Stockholm (NordSIP) – Fund names are a powerful marketing tool, and incorporating keywords such as ‘ESG’ or ‘Sustainable’ in the name of a fund can go a long way to attracting investors, making it a fertile ground for greenwashing. Aware of the problem, European authorities have recently accelerated their efforts to provide counteraction. In the wake of the joint Call for Evidence on greenwashing initiated by the three European Supervisory Authorities (EBA, EIOPA and ESMA – ESAs), the European Securities and Markets Authority (ESMA) has been conducting its own consultation on future Guidelines on funds’ names using ESG or sustainability-related terms.
Many stakeholders took the opportunity to respond to ESMA’s consultation by the stated deadline, 20 February. Financial actors, in general, seem to welcome an in-depth discussion about the implicit sustainability credentials embedded into fund names and support the idea of setting common rules in order to guarantee that sustainability-related claims and commitments are in line with the reasonable expectations investors can have.
That said, several respondents have expressed serious concerns regarding the numerical threshold approach proposed by ESMA. The main reason for being sceptical about this methodology is that definitions of concepts and underlying data are not yet finalised and might prove difficult to quantify.
“It is unlikely that a methodology built on an unclear legal definition will increase investor understanding of ESG funds and adequately address greenwashing concerns,” comments Anyve Arakelijan, Regulatory Policy Adviser at the European Fund and Asset Management Association (EFAMA), one of those criticising the approach. “Rather than imposing a threshold, it would be more proportionate to mirror ESMA’s supervisory guidance on sustainability risks and disclosures by ensuring that use of ESG-related terms is supported in a material way with sufficient evidence of sustainability characteristics in the fund’s investment objectives and strategy.”
The Securities and Markets Stakeholder Group (SMSG) is not convinced by the proposed quantitative threshold approach either. “This quantitative proposal may miss its goal at this stage of development of the sustainable finance framework,” the association writes in its statement. “Thus, the SMSG considers that a two-step approach (qualitative first and quantitative at a second stage) may be a more appropriate approach.”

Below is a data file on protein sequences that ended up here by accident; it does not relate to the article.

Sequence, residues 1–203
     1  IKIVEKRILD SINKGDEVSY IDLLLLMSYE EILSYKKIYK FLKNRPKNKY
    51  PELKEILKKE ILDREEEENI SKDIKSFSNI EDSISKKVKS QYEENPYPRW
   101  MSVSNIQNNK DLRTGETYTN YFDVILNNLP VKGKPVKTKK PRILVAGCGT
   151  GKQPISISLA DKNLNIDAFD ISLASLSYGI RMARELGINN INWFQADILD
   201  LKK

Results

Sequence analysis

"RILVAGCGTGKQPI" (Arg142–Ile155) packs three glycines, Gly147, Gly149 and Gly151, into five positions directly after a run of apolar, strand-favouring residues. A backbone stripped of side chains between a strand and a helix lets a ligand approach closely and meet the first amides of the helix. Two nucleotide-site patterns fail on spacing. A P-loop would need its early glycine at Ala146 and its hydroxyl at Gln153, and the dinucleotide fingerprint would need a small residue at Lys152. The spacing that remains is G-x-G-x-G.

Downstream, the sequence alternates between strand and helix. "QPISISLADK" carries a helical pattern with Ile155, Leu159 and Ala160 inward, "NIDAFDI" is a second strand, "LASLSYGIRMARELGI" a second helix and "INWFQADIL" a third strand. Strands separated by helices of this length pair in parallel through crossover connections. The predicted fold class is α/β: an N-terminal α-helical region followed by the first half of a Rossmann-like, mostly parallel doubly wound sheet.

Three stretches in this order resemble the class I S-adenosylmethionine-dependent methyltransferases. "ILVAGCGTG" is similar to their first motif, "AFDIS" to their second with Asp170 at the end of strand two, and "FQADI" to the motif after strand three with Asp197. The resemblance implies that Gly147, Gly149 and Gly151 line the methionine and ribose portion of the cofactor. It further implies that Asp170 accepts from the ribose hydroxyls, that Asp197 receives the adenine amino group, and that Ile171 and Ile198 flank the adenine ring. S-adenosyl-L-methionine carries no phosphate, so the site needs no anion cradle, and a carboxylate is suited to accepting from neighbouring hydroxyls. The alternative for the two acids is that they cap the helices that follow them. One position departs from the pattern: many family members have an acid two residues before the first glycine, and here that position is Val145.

One of the stakeholders taking a less critical stance on ESMA’s threshold proposal is Eurosif, the pan-European association promoting Sustainable Finance. “Eurosif supports the idea of introducing minimum sustainability criteria for the different product categories to guarantee that sustainability-related claims and commitments are in line with the reasonable expectations investors can have,” states the association’s response. “However, this should happen together with adjusting the SFRD framework to provide sufficient clarity on the different concepts and clearly delineating different SFDR product categories,” Eurosif adds.
Whether ESMA decides to proceed with the numerical threshold approach, some important elements would still need to be addressed. One of these is how to treat cash, cash equivalents, and derivatives. In its response to the consultation, EFAMA argues, for instance, that cash and derivatives used for hedging “should be excluded from an 80% ratio calculation to allow for efficient fund management, especially during extraordinary market circumstances.”
The derivatives question is also highlighted in response to ESMA’s consultation sent by the International Swaps and Derivatives Association (ISDA). The association argues that “a common cross-industry methodology for the calculation of the minimum proportions of sustainable investments for derivatives transactions is paramount to maintain ESMA’s goal of promoting standardised disclosures, and requests that ESMA gives the industry sufficient time to form a consensus on the calculation thresholds for derivatives.”
Although the consultation is over, there still appear to be plenty of questions for ESMA to consider before finalising the guidelines on funds’ names using ESG or sustainability-related terms.